Early Review: History Rewritten in ‘High Castle’

Amazon Studios has recently made available a series of television pilots for popular consumption and voting with an idea toward involving the public in the series order process (we cover 2015’s crop in this week’s Water Cooler podcast). While it remains to be seen how closely popular votes as tallied by Amazon match what makes it to series, The Man in the High Castle was one such series to survive that process. Premiering on Amazon Prime this Friday, High Castle is a gloriously epic small screen production, harkening back to the days of such great 1980s historic war miniseries like War and Remembrance and The Winds of War. High Castle is a beautifully filmed and meticulously created series that boasts a huge and hugely talented cast that could rival HBO’s Game of Thrones for period drama supremacy.

High Castle, in its own way, is as much of a fantasy series as HBO’s record-holding Emmy winner because it dares to reimagine the results of World War II. Here, the Germans and Japanese won the war, splitting the United States into three sections: the Japanese-owned Pacific States, the Great Nazi Reich of the Midwest and East, and a neutral territory called the Rocky Mountain States. The action of the series begins in 1962 with various characters operating within and investigating the American resistance. Much of the action revolves around two characters: Juliana Crain (Alexa Davalos), a Japanese-friendly woman caught up in an act of espionage, and Joe Blake (Luke Kleintank), a new recruit to the American resistance.

The action of the series revolves around the transfer of a series of newsreels called The Grasshopper Lies Heavy that depicts an alternate reality in which the Axis powers lost the war to the Allies. The most touching moment of the pilot shows Juliana crying as she watches one of the films, having just seen her half-sister shot dead after giving her the film. Juliana watches what is effectively a propaganda film (although we know it to be reality) with a palpable sense of wonder and wistful longing for the freedoms such a victory would guarantee. The scene is the lynchpin of the pilot, giving the illegal newsreels a vital sense of importance as many die and/or double-cross others in search of them. Aside from spy thrills, the series also pulls back to illustrate a higher level of political intrigue as Adolf Hitler is rumored to be suffering from Parkinson’s disease, and, should he die, his next in command would almost certainly start another war to wipe out America.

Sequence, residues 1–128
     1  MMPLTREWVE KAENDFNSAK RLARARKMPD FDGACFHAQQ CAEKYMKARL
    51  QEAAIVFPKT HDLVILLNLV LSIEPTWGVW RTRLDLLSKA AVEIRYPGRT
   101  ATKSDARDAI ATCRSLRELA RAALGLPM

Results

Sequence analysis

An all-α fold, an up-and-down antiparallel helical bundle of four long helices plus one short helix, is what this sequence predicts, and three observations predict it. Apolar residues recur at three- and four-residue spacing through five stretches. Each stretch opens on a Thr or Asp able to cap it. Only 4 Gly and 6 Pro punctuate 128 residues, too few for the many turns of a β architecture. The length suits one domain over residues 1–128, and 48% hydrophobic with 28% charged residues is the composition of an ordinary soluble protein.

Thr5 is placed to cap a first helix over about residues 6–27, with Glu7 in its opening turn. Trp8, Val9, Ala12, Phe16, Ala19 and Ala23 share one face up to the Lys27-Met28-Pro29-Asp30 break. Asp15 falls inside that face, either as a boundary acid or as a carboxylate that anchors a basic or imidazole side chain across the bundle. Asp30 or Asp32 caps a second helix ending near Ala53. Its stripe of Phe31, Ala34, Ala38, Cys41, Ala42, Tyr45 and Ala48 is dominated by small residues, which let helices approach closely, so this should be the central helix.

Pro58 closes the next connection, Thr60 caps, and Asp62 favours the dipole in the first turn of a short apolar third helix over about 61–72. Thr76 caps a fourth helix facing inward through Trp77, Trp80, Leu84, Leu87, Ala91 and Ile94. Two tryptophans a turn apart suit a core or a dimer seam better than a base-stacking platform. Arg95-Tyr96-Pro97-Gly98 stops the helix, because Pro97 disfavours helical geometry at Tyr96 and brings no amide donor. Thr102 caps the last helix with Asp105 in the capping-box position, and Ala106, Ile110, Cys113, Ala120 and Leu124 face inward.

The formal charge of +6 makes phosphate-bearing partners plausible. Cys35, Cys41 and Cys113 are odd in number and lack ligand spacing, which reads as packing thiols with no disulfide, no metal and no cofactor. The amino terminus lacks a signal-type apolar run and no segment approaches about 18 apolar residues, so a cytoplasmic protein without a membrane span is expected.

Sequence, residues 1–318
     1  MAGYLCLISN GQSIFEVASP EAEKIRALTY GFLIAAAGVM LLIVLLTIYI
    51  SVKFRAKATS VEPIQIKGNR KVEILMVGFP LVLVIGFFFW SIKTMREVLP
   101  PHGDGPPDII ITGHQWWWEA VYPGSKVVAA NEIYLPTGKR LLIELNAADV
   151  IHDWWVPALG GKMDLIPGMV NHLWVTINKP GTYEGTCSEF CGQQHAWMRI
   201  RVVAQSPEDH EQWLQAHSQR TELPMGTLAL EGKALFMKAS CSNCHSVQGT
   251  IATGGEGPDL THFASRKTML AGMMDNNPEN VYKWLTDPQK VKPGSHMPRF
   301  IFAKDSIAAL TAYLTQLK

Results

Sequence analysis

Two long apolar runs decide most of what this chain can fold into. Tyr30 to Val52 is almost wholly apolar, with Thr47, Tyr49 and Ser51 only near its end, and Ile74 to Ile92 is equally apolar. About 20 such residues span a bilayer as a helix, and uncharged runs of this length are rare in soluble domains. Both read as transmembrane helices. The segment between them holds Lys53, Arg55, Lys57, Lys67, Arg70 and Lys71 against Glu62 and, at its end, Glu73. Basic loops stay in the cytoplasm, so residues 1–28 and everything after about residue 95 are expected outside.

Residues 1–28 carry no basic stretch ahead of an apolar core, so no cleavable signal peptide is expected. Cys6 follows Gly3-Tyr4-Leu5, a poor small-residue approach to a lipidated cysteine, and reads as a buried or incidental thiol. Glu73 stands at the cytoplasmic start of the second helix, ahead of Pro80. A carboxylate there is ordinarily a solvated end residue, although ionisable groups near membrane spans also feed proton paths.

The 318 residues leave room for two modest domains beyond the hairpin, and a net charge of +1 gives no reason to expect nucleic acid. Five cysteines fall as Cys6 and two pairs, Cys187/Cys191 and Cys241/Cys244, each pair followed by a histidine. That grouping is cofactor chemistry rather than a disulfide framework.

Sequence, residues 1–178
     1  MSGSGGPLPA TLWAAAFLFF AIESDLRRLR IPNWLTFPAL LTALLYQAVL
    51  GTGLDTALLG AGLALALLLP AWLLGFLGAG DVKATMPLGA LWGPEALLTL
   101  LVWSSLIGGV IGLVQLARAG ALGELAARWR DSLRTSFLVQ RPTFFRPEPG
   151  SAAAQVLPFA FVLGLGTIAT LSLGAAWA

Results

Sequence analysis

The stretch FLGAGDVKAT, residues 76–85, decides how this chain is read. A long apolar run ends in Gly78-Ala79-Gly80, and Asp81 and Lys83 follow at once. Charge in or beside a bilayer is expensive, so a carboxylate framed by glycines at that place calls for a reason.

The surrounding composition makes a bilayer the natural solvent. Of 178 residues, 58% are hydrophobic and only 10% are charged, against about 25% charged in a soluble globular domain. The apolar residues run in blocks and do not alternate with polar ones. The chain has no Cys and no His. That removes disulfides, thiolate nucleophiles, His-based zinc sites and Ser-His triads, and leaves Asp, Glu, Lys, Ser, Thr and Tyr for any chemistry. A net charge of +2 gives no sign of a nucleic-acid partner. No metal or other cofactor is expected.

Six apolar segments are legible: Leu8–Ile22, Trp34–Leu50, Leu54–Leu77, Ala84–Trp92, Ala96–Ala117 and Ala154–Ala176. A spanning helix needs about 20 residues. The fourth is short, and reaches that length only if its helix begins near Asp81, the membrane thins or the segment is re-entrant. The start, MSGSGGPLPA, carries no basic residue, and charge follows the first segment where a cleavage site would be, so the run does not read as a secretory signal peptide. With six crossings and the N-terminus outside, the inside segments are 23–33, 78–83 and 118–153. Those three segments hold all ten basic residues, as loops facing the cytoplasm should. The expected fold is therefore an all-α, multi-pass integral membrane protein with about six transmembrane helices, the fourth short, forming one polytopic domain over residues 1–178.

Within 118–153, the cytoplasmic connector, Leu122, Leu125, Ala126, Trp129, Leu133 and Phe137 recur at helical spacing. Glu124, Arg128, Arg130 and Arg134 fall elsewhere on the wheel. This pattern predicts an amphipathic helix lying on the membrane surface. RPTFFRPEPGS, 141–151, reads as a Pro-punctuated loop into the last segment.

The performances within are all accomplished and effectively rendered against the period. As this is a pilot, all of the expected character motivations, relationships, and even identities still haven’t quite jelled yet. You know the main players, but some of the many supporting cast members haven’t fully popped yet. I do expect Rufus Sewell as SS Obergruppenführer John Smith to feature heavily in the series with a potential towards awards attention should the series fulfill its great promise. The true star of the pilot, though, is the filmmaking prowess. Aside from the complex art direction (re-imagining America as either Nazi or Japanese states is eerily and effectively rendered here), the entire production is shot in an amber hue reminiscent of the late 60s/early 70s spy thrillers of Alfred Hitchcock.

It’s been a long time since we’ve seen such grand spectacles as The Man in the High Castle on American television. The scale and spirit of those 80s-era militaristic miniseries that captivated audiences are represented well here and translate to the Amazon streaming screen in tact. In fact, it’s a bit of a shame that the series is rendered on the small screen. A project with such ambition and scope should be seen on the big screen which has lately lacked similar examples.

The Man in the High Castle debuts on Amazon Friday, November 20.


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